An extraordinary claim is like "DbC can improve *every single project*
on PyPI". That requires a TON of proof. Obviously we won't quibble if
you can only demonstrate that 99.95% of them can be improved, but you
have to at least show that the bulk of them can.
I tried to give the "proof" (not a formal one, though) in my previous message. The assumptions are that:
* There are always contracts, they can be either implicit or explicit. You need always to figure them out before you call a function or use its result.
* Figuring out contracts by trial-and-error and reading the code (the implementation or the test code) is time consuming and hard.
* The are tools for formal contracts.
* The contracts written in documentation as human text inevitably rot and they are much harder to maintain than automatically verified formal contracts.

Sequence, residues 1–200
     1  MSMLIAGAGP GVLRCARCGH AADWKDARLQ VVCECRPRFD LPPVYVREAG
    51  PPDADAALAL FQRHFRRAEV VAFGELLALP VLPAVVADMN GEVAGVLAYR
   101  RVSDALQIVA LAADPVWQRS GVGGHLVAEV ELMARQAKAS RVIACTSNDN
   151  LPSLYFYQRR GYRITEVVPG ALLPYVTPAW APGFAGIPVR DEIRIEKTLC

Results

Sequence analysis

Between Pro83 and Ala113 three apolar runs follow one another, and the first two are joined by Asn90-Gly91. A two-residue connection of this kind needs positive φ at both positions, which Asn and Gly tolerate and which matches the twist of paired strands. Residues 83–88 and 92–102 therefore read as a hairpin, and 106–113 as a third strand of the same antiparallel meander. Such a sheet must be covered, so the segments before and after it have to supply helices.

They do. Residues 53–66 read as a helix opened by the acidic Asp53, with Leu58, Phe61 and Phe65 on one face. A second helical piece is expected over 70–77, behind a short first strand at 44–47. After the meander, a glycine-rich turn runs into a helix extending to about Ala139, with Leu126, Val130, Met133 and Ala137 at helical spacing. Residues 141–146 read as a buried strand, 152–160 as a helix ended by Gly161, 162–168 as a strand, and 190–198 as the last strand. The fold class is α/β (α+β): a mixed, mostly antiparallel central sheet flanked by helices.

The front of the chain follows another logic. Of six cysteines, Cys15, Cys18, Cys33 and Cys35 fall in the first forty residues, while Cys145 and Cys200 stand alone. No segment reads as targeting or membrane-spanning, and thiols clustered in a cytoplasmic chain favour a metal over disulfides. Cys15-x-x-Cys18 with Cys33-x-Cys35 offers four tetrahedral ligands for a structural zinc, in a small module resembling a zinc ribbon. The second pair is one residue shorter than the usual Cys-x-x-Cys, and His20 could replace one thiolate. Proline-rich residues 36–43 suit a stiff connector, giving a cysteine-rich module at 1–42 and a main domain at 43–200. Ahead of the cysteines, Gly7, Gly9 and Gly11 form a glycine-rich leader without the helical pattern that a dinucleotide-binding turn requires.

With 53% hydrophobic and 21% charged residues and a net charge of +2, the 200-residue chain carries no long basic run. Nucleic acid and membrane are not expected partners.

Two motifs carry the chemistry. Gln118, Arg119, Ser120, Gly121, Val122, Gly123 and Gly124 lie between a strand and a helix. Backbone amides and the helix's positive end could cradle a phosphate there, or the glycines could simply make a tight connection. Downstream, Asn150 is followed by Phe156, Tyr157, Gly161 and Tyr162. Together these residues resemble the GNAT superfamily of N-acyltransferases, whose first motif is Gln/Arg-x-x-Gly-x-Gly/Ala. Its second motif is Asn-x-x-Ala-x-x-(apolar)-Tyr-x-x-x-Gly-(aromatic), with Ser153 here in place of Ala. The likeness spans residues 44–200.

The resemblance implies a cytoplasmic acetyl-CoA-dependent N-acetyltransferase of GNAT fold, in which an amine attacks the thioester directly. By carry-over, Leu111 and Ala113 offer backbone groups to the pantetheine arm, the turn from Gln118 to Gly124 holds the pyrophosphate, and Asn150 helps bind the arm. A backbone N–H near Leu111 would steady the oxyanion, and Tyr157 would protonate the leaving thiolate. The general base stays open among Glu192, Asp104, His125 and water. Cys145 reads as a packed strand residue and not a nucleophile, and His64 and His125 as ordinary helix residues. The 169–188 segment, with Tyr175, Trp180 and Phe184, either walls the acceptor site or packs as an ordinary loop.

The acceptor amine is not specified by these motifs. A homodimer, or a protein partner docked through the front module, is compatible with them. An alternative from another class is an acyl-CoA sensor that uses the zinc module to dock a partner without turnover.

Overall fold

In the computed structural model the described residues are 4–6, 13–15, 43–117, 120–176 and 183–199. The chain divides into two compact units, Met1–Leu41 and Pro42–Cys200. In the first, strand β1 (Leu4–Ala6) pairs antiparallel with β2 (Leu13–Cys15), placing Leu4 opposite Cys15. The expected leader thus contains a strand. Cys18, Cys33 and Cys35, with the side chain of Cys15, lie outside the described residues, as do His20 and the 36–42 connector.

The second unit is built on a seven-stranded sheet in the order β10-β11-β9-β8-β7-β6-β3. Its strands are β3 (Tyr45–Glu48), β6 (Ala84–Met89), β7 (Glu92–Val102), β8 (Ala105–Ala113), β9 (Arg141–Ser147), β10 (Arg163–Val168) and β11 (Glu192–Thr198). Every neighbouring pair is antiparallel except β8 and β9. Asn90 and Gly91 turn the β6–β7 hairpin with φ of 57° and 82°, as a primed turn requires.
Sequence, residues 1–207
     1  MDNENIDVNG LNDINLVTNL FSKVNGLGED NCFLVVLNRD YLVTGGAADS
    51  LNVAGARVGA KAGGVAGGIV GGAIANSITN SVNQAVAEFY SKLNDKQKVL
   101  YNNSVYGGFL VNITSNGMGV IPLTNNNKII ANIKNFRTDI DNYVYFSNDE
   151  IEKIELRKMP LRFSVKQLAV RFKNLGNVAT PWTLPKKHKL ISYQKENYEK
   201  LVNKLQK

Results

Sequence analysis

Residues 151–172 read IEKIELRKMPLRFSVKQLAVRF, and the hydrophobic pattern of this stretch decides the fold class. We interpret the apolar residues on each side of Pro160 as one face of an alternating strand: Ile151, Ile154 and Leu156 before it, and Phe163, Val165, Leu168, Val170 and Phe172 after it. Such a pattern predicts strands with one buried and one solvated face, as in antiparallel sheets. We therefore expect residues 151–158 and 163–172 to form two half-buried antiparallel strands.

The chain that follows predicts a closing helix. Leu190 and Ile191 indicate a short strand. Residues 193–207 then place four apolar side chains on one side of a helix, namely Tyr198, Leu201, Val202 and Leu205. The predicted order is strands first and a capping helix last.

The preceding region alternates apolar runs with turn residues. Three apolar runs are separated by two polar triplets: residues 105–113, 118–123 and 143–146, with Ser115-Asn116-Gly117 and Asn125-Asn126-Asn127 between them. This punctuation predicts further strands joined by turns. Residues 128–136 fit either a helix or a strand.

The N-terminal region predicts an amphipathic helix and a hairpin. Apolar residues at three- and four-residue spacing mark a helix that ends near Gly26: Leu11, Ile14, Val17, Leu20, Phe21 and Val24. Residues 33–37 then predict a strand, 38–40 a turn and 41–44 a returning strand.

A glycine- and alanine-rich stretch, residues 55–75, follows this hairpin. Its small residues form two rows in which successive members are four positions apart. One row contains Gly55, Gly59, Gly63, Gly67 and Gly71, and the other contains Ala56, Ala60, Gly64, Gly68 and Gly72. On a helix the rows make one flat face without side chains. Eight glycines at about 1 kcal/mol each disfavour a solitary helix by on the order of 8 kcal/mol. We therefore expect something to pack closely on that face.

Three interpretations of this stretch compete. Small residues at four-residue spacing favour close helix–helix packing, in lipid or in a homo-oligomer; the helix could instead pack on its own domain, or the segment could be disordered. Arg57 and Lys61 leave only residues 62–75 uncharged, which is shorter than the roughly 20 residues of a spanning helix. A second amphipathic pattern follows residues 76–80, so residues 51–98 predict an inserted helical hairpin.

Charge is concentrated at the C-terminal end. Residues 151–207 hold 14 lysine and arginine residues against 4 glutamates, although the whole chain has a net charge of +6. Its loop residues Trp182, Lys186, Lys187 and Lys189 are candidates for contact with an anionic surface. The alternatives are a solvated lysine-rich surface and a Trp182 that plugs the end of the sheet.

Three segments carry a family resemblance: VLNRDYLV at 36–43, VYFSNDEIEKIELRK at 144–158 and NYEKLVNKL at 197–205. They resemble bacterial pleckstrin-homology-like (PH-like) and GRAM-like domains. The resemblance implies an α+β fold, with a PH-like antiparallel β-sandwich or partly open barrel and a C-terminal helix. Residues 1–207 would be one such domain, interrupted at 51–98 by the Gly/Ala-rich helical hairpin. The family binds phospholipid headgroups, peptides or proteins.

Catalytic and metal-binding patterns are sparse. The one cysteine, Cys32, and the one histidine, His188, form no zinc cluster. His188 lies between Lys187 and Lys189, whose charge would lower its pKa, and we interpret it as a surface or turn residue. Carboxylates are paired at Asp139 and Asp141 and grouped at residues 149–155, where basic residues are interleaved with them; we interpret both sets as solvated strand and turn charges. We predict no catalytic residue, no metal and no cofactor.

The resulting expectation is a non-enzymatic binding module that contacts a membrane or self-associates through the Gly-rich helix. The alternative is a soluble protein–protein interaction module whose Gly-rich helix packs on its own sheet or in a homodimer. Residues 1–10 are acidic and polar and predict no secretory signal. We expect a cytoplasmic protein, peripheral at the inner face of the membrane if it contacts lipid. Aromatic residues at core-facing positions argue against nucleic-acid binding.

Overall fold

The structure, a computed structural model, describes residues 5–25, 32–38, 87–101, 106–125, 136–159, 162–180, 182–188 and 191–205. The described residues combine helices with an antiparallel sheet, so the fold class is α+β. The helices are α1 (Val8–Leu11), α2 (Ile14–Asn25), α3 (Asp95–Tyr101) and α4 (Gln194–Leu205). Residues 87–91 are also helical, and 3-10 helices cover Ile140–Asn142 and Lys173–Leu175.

* The reader is familiar with formal statements, and hence reading formal statements is faster than reading the code or trial-and-error.
I then went on to show why I think, under these assumptions, that formal contracts are superior as a documentation tool and hence beneficial. Do you think that any of these assumptions are wrong? Is there a hole in my logical reasoning presented in my previous message? I would be very grateful for any pointers!
If these assumptions hold and there is no mistake in my reasoning, wouldn't that qualify as a proof?